Mary Elizabeth Braddon  

From The Art and Popular Culture Encyclopedia

Jump to: navigation, search

Related e

Google
Wikipedia
Wiktionary
Wiki Commons
Wikiquote
Wikisource
YouTube
Shop


Featured:
Train wreck at Montparnasse (October 22, 1895) by Studio Lévy and Sons.
Enlarge
Train wreck at Montparnasse (October 22, 1895) by Studio Lévy and Sons.

Mary Elizabeth Braddon (4 October 1837 – 4 February 1915) was a British Victorian era popular novelist. She is best known for her 1862 sensation novel Lady Audley's Secret.

Contents

Life

Born in London in England, Braddon was privately educated and worked as an actress for three years in order to be able to support herself and her mother Fanny, who had separated from her father Henry in 1840, when Mary was just three. When Mary was ten years old, her brother Edward Braddon left for India and later Australia, where he would become Premier of Tasmania.

In 1860, Braddon met John Maxwell, a publisher of periodicals, whom she started living with in 1861. However, Maxwell was married with five children and his wife was living in an asylum in Ireland. Mary acted as the stepmother of the children till 1874, when Maxwell's wife died, and they could get married. She had six children by him.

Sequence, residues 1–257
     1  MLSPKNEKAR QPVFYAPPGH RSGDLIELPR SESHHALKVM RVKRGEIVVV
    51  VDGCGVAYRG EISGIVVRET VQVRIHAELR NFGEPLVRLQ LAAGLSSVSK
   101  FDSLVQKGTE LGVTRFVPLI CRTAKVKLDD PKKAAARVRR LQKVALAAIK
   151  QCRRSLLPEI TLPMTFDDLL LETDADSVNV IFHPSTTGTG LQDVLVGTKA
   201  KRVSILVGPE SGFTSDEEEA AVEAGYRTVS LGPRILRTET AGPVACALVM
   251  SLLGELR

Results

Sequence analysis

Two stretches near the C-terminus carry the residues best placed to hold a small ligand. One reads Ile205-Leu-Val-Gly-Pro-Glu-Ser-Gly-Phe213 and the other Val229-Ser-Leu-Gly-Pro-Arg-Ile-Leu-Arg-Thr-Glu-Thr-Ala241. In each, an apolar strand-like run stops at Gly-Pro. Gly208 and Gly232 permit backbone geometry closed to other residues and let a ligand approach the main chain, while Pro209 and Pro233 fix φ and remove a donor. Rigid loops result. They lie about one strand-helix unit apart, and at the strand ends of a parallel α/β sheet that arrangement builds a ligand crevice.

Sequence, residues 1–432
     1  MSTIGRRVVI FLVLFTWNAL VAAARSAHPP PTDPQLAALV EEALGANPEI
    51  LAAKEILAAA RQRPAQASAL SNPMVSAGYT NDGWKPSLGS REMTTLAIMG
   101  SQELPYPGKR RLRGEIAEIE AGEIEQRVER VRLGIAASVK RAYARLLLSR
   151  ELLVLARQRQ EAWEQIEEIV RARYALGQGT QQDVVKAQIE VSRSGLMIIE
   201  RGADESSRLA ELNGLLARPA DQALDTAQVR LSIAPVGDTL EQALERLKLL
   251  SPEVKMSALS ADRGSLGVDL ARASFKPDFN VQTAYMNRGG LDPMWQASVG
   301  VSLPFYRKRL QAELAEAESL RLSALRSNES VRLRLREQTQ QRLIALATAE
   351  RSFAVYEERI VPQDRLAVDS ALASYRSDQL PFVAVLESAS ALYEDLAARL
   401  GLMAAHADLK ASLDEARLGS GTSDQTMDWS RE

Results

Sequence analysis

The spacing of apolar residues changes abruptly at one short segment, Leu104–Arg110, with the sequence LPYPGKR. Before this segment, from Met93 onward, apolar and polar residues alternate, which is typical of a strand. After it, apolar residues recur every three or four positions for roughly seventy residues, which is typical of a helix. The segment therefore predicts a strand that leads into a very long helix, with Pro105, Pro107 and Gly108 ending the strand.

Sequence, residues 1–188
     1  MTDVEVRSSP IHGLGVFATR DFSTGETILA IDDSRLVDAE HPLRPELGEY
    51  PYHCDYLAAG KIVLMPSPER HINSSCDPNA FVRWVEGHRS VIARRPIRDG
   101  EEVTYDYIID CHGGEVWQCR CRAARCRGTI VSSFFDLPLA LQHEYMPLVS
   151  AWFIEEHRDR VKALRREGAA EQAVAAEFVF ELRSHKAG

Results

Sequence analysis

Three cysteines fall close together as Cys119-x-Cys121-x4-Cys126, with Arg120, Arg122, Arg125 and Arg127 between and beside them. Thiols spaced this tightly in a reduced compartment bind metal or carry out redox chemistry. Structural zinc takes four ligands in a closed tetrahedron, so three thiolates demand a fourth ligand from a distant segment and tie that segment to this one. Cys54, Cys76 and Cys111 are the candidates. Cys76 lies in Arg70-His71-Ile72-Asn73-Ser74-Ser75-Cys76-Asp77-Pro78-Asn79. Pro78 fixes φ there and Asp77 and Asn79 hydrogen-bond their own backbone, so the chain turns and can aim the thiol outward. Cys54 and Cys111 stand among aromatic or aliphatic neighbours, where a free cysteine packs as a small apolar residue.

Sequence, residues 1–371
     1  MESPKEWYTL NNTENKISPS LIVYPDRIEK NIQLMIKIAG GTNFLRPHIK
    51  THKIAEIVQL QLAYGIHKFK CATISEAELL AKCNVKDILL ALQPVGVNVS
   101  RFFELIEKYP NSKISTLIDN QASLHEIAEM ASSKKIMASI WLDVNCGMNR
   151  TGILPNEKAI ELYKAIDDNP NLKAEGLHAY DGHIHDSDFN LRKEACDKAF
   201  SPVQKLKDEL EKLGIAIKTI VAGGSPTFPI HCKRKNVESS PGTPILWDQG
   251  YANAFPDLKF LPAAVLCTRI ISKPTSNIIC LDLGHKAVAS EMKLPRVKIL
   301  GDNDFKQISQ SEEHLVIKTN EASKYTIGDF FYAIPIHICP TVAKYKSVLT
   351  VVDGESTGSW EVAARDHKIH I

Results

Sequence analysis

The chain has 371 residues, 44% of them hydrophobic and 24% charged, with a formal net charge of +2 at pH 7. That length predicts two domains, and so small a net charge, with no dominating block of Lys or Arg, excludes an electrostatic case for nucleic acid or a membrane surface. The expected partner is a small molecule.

Braddon was an extremely prolific writer, producing some 75 novels with very inventive plots. The most famous one is Lady Audley's Secret (1862), which won her recognition and fortune as well. The novel has been in print ever since, and has been dramatised and filmed several times.

Braddon also founded Belgravia Magazine (1866), which presented readers with serialized sensation novels, poems, travel narratives, and biographies, as well as essays on fashion, history, science. The magazine was accompanied by lavish illustrations and offered readers a source of literature at an affordable cost. She also edited Temple Bar Magazine. Braddon's legacy is tied to the sensation fiction of the 1860s.

She died on 4 February 1915 in Richmond, Surrey, England and is interred there in Richmond Cemetery. Her home had been Lichfield House in the centre of town; it was replaced by a block of flats in 1936, Lichfield Court, now listed. She has a plaque in Richmond Parish church which just calls her 'Miss Braddon' and a number of streets in the area are named after characters in her novels; her husband was a property developer in the area.

Partial bibliography

Novels

Template:Col-breakTemplate:Col-breakTemplate:Col-end

Collections

  • Ralph the Bailiff and Other Tales (1862)

Theatre




Unless indicated otherwise, the text in this article is either based on Wikipedia article "Mary Elizabeth Braddon" or another language Wikipedia page thereof used under the terms of the GNU Free Documentation License; or on original research by Jahsonic and friends. See Art and Popular Culture's copyright notice.

Personal tools